McCartney’s manager reaches out to explain Flowers in the Dirt downloads

Paul McCartney / Flowers in the Dirt 4-disc deluxe edition

The Flowers in the Dirt deluxe set caused controversy by not including all audio on CD

Scott Rodger, who manages Paul McCartney (and other major artists, including Arcade Fire) reached out to SDE last week to discuss the less than positive fan feedback left on this blog over the 16 ‘download-only’ tracks included in the forthcoming Flowers in the Dirt deluxe edition.

The ground rules for the conversation (with SDE Editor, Paul Sinclair) were that this wasn’t an ‘interview’ and wouldn’t be reported as such, but that Scott was keen to convey his general points to McCartney fans and the SDE audience about Paul’s Archive Collection releases and hopefully try and put into context why certain decisions are made, including the controversial one not to include the B-sides, remixes and demos on CD, in the Flowers in the Dirt box set (see the open letter to Paul McCartney).

If we are going to cut to the chase, I will put you out of your misery and tell you that unfortunately, nothing will change regarding this Flowers in the Dirt deluxe edition.

I’m going to summarise the key points that Scott made below. To stress, these are not direct quotes from Scott and these aren’t necessarily the exact questions I asked, but I’ve created the questions and answers below to try and simplify and clarify the points of view. In my opinion, it is a very fair summary of the conversation.

Why not include the ‘download-only’ content on a physical fourth CD in the Flowers in the Dirt box set?

The main reason why there is not a fourth physical CD is because Paul didn’t want any more than four discs in the set. What Paul says, ultimately goes. He wants to look to the future and embrace new technology and drive people to streaming. 100m people are signed up to streaming services right now and that is projected to double in the next three to four years. This is seen as the future. Paul’s team want to look to the future and their research shows that more people are excited about the streaming catalogue. If that wasn’t the case then many more box sets would be sold.

Surely one extra CD wouldn’t have cost that much?

The cost wasn’t the main issue (see above) although Scott was at pains to stress that while Paul’s organisation is not losing money from these reissues, they are not that far from it, so even something like licensing some TV footage for the DVD element could make the difference between profit and loss. Physical music retail is a challenging marketplace with limited options (Amazon, Best Buy, Target. etc.) and Scott also pointed out that despite the costs of these sets, there is a lot of retail mark-up and label margin in the £120 price-tag.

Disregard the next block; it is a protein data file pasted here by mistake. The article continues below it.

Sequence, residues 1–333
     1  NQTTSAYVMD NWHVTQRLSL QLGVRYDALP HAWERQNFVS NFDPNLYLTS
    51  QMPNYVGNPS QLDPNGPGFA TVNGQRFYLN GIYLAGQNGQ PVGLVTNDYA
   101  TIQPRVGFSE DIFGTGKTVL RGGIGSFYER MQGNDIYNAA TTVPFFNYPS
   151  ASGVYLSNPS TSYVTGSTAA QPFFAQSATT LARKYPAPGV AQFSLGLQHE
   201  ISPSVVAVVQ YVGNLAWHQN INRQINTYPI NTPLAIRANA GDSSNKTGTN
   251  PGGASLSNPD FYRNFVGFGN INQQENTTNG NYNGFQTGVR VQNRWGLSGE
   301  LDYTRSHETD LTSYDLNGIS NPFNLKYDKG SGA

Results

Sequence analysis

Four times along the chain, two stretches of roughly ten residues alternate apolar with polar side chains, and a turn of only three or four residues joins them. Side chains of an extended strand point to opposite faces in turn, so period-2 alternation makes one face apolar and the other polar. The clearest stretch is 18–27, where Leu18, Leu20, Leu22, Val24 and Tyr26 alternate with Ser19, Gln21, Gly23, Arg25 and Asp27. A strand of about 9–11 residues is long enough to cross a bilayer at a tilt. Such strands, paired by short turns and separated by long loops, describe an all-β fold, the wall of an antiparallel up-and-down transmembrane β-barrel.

Does this mean that Paul doesn’t value his fans?

Scott was very keen to underline that Paul values his fans very much but also trusts the team that is in place (headed by Rodger) to put these releases together. The whole Archive Collection series is one big preservation project and Scott is thrilled that they’ve managed to deliver what they have with projects that, in his opinion, go above and beyond. Paul is very involved and checks everything and listens to all the remastered audio.

If there isn’t a market for multi-disc sets, how come Sony issued a 60-disc box set for Elvis and a 36-disc set for Bob Dylan?

This is a different prospect. Scott agreed that there probably is a market for a 25CD set of Paul McCartney & Wings and MPL could do that. Indeed, they are talking about it. But for one title, one album, it’s different.

Why fill the box sets with so much printed material (books etc.) and not focus more on physical music?

Scott pointed out that Paul has an archive of over 1.2 million photos – he kept virtually everything. People within MPL are digitising every day. Preserving the world around the key titles in his catalogue via photos, memorabilia, lyric sheets is considered a core part of the process.

Doesn’t Paul realise that there’s some great music amongst those B-sides, remixes and cassette demos?

The physical discs in the deluxe set (Flowers in the Dirt remastered, Elvis Costello demos and band demos) are considered to be the crème de la crème. The other audio in the opinion of Paul and MPL is of interest, but not considered to be central to the narrative of the making of Flowers in the Dirt.

Are all future Paul McCartney Archive Collection deluxe sets going to be like this?

The answer to this was that nothing is set in stone. This doesn’t necessarily define what will happen in the future.

Will the 16-tracks being supplied as downloads be MP3, CD quality or high-resolution?

The additional tracks will be 16-bit standard WAVs since they were sourced from EQ’d CD production master Umatic tapes, which are limited to 16-bit 44.1 kHz. So they aren’t hi-res but neither are they MP3s.

What’s does the future hold in terms of the physical deluxe editions of archive collection titles?

Paul’s team work on one project at a time because there may come a point where the record label says there is no demand anymore. Despite this, I was assured that loads of potential projects are being discussed such as Wildlife and Red Rose Speedway.

Paul Sinclair of SuperDeluxeEdition would like to thank Scott Rodger for getting in touch personally to respond to the issue directly. 

SuperDeluxeEdition.com helps fans around the world discover physical music and discuss releases. To keep the site free, SDE participates in various affiliate programs, including Amazon and earns from qualifying purchases.


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